Take a stroll through USC Village, and myriad trends may stick out — a variety of reusable grocery totes, Hydroflasks, drinking utensils ranging from paper straws to Starbucks sippy cups to plastic straws sticking out from the sippy cups. Go to the Row on a Friday night, and you may notice red Solo cups scattered across front lawns, e-cigarettes flashing and fuming and free Lyft rides congesting the narrow streets near campus.
These details, although microscopic, highlight the larger conversation regarding environmental awareness on campus and students’ varying approaches to it. Freshly inaugurated, President Carol Folt listed sustainability as one of her top priorities on campus, claiming she will work with students to foster conversations regarding more environmentally mindful practices.
Although the Sustainability 2028 Plan is in development, sustainability needs to be prioritized beyond endorsing surface-level initiatives like reusable straws. To institutionalize an environmentally cognizant campus, students must stop intrinsically contradicting themselves and instead devote themselves to attitudes that promote more consistent sustainability practices.
One of today’s most widely practiced sustainability measures gained momentum with a viral video of a sea turtle with a plastic, bendy straw lodged up its nose. Consequently, activists across the nation endorsed the use of reusable straws as an alternative to disposable plastic straws in an effort to raise awareness of ocean pollution and its impact on marine life.
It eventually gained legislative traction as Seattle became the largest U.S. city to ban plastic straws in June 2018, with many others following suit. The movement has even extended to major fast food corporations like Starbucks, which recently introduced strawless lids as part of an initiative to remove all plastic straws from an estimated 25,000 of its locations worldwide by 2020.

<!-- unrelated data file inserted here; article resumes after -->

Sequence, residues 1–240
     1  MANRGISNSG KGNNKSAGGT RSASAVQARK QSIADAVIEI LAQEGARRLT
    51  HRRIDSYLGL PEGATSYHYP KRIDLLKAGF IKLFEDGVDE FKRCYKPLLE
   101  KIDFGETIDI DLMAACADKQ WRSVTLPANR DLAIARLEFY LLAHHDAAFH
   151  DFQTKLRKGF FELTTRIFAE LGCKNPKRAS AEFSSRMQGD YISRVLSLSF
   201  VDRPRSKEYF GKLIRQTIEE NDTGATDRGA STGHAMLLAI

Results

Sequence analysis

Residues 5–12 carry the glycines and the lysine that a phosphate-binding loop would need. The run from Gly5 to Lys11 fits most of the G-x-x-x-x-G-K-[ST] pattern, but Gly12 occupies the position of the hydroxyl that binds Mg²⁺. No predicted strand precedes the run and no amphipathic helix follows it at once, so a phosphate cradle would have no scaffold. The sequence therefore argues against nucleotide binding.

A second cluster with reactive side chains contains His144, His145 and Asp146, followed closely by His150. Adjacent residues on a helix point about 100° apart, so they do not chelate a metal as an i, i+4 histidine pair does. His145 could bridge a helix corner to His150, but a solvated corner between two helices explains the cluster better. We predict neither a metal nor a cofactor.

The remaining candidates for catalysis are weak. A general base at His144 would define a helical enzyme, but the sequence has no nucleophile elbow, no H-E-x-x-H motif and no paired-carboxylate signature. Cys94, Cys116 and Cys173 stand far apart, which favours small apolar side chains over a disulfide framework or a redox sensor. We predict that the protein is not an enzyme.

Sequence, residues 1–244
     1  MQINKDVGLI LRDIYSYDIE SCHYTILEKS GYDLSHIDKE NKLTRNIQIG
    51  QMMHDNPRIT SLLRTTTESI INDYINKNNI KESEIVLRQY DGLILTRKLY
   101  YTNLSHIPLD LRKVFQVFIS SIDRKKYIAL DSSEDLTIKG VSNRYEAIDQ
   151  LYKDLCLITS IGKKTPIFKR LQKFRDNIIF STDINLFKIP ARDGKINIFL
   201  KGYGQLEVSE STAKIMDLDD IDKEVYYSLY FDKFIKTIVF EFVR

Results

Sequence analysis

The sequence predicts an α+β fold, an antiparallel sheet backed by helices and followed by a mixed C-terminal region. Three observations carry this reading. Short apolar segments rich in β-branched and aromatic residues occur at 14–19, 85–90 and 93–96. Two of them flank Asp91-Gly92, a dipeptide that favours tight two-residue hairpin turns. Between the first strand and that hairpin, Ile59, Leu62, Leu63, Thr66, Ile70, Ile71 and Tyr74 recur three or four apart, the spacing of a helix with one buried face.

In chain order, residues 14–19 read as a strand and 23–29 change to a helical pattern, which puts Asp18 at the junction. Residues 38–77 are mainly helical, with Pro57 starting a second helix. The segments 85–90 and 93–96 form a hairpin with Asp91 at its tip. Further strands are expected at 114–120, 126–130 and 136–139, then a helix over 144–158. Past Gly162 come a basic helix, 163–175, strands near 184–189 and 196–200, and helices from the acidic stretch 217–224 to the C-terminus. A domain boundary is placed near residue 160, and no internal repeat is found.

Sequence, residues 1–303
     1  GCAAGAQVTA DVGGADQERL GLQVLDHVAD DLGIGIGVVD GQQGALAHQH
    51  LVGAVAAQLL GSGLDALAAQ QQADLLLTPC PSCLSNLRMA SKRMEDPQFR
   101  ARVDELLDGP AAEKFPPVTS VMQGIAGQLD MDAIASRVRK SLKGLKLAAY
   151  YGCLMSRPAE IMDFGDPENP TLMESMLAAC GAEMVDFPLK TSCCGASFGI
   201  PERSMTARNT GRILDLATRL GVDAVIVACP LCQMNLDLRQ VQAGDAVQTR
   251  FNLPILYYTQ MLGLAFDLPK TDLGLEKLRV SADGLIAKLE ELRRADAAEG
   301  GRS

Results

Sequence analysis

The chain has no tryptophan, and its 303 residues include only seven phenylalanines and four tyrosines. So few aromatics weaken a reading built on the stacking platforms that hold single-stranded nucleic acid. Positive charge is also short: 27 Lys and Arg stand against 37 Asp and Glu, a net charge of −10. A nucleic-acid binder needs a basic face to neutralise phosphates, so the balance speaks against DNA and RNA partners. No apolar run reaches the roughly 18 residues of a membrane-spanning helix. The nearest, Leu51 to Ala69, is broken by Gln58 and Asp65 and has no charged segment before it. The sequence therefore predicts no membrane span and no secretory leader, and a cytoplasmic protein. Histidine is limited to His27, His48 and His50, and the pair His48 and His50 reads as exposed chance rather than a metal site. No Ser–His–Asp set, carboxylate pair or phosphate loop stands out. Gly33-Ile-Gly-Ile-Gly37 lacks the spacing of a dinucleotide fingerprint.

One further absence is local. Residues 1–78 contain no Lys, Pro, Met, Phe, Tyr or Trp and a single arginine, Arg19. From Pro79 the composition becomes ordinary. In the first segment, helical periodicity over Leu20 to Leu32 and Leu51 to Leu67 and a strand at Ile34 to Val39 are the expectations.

This trend of moving toward a strawless society definitely has meaning behind it — after all, according to a report by the environmental group Better Alternatives Now, straws and stirrers did account for 7% of plastic items found along the California coastline.
However, out of the 8 million tons of plastic that flow into the ocean every year, straws only account for about 0.025% of it by weight. While any effort toward change helps a facet of the environmental crisis, these statistics justify how we have much bigger fish to fry. In fact, a recent study by Ocean Cleanup estimated that about half of the plastic waste in the Great Pacific Garbage patch came from fishing nets and commercial fishing.
In addition to the strawless movement, the consumption of nondairy alternatives to milk, especially almond milk, has drastically risen in popularity over the past decade. While some see almonds as a sustainable option due to their smaller carbon footprint compared to livestock, they actually require about 15 gallons of water for every 16 produced, which is especially concerning when a drought-stricken state like California produces about 80% of the world’s almonds.
These statistics suggest that there is fine intent behind these efforts, but this extreme attention to these miniscule solutions distracts students from large-scale problems like commercial fishing, ocean pollution contribution and climate change.
Furthermore, while students may believe that these behaviors alleviate their consumerism’s impact, their contributions would be more significant if they approached the issue holistically. Instead of using a metal straw to flex environmental awareness, they should refrain from practicing environmentally hazardous habits such as vaping from nonreusable plastic pods, taking unnecessarily long showers and choosing to take a car to destinations reachable by the Metro or LADOT Dash.
To adopt a more meaningful approach to environmental mindfulness, students must be steady with their sustainability practices. That doesn’t mean they should ditch the strawless movement; it means they should take it beyond the sea turtle video.
It means they should consider the implications of drinking almond milk over dairy for the sole purpose of being more sustainable, especially when oats and soy also exist as dairy alternatives and actually require far less water than almonds. It also means thinking twice before taking that Fryft to a party that can be easily — but also safely — trekked, and taking the Metro or other forms of public transportation. And, it means to continue looking at change from the big picture perspective with climate strikes for policy change and for combatting major corporations such as Coca-Cola, which contribute the most to the global waste aggregate.
Looking forward, this refined mindset could move beyond plastic straw shaming to proactive and significant universal improvements.